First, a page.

Disaster Averted: Fire Crews Snuff Out Blaze At Southwest Detroit Industrial Complex
DETROIT (WWJ) - A much bigger disaster was averted overnight as an industrial fire burned in southwest Detroit.
Authorities say there were no injuries as a result of the blaze that broke out early Thursday morning in the refinery corridor along South Dix Street, near Miller Road and the Rouge River.
The fire itself was centered in a two-story maintenance garage. The complex also houses diesel fuel, oils and other petroleum products, forcing officials to declare a hazmat situation.
Detroit Fire Chief Gary Fisher said, if the fire had spread, the results could have been catastrophic. The complex is located next to the Sunoco main terminal, where tanker trucks fill up with gasoline for delivery to local stations.
“There’s always a danger in a place like this,” Fisher said. “I mean, when the diesel tank ruptured, the fuel was leaking out and could have surrounded…the whole building.”
“There was great concern…as you see there’s a whole tank field behind then; there’s tanker trucks all around the complex,” he said. “Just the fact that the Detroit Fire Department knocked this down without it becoming a major, major incident was a great relief.”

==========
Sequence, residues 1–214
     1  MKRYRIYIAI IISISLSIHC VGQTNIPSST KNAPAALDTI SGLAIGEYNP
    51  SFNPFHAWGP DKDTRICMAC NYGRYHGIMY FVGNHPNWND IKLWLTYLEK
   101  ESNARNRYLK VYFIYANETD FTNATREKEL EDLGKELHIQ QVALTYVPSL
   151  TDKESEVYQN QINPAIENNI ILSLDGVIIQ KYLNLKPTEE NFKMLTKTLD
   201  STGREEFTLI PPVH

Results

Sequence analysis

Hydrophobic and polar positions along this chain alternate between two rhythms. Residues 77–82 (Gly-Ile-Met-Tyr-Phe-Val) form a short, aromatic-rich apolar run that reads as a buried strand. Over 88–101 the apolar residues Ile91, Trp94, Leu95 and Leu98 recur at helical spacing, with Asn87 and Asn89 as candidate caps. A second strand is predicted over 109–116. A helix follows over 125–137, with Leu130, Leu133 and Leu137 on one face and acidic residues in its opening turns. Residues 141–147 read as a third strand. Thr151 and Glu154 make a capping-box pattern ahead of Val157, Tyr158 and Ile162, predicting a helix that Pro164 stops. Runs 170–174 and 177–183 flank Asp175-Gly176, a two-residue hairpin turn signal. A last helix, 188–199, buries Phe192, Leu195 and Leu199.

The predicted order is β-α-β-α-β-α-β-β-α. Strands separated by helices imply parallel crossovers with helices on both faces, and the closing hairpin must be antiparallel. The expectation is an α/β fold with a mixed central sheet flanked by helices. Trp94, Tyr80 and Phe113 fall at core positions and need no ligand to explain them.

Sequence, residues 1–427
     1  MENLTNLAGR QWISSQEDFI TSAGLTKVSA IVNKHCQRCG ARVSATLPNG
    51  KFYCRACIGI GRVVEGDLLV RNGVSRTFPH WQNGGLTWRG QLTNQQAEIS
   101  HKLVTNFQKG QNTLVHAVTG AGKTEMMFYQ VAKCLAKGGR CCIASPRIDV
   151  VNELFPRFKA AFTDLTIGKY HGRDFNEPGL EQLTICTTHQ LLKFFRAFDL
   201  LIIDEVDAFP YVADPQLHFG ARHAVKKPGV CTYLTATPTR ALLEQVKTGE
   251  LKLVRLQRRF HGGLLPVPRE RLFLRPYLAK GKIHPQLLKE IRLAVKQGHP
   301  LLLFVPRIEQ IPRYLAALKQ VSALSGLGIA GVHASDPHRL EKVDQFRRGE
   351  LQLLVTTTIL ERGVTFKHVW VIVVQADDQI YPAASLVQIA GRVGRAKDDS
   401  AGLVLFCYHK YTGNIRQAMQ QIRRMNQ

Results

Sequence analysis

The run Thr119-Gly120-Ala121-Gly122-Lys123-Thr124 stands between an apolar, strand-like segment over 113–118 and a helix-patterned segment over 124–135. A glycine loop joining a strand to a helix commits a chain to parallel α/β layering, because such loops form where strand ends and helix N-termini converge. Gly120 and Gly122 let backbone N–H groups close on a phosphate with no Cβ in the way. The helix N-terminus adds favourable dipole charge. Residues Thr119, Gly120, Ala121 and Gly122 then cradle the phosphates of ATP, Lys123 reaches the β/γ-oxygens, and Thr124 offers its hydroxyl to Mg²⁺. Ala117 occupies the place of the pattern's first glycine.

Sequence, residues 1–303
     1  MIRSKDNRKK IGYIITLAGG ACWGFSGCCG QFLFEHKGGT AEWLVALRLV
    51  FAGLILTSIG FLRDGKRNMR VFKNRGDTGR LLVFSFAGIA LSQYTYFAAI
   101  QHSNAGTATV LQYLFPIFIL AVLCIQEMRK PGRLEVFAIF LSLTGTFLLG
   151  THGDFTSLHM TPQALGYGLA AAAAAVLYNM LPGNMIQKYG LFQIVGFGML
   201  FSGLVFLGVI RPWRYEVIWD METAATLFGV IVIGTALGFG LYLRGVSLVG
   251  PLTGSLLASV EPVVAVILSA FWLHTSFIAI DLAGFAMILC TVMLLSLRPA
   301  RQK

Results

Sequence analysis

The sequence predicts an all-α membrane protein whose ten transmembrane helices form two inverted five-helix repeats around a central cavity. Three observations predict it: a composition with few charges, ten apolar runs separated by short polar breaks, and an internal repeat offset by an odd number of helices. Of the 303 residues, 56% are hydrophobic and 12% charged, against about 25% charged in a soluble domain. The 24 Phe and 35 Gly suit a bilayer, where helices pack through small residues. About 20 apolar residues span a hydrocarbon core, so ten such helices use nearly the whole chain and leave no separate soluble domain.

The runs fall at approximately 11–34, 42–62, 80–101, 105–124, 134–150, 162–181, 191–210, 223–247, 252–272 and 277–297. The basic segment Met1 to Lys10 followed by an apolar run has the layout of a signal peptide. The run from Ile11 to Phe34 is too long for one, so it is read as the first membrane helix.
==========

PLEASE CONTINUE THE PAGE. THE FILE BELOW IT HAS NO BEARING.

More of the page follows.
Fisher said the first few moments on the scene were intense.
“The wind can shift at any time, you know, the wind is a big factor in these big fires where, if the wind shifts and blows right on to them, they could heat up enough to breach and cause a major, major problem,” Fisher said.
Firefighters from several departments worked quickly to contain the fire to a single building, using gallons of a chemical foam to snuff out the flames.
Tony Fenton, who was scheduled to perform an air quality test at the Sunoco plant, said multiple safeguards are in place in case of fire
“They have isolation valves and everything. There’s foam underneath the loading racks and everything else, so if there was any sign of flame, it would drop tons of foam to prevent that from going anywhere,” said Tony Fenton, who was scheduled to perform an air quality test at the Sunoco plant. “But at the end of the day, you don’t want fire near these tanks with 40,000 gallons of fuel in them.”
Reporting live from the scene, WWJ’s Ron Dewey said it appears the inside of the building is completely gutted. Workers who were inside the building when the fire ignited managed to escape unharmed.
Officials say the cause of the fire remains under investigation. However, workers on the scene say one of their own might have accidentally sparked the blaze.
“From what I understand from the worker, he didn’t say exactly what happened but he claimed that something he was working on caught fire and then he called us,” Fisher said. “By the time we got here, it was fully involved.”
Employees on the scene told WWJ’s Mike Campbell the employee was wearing a head lamp, working away, when the light bulb suddenly broke. They think a spark from the bulb might have ignited the fire.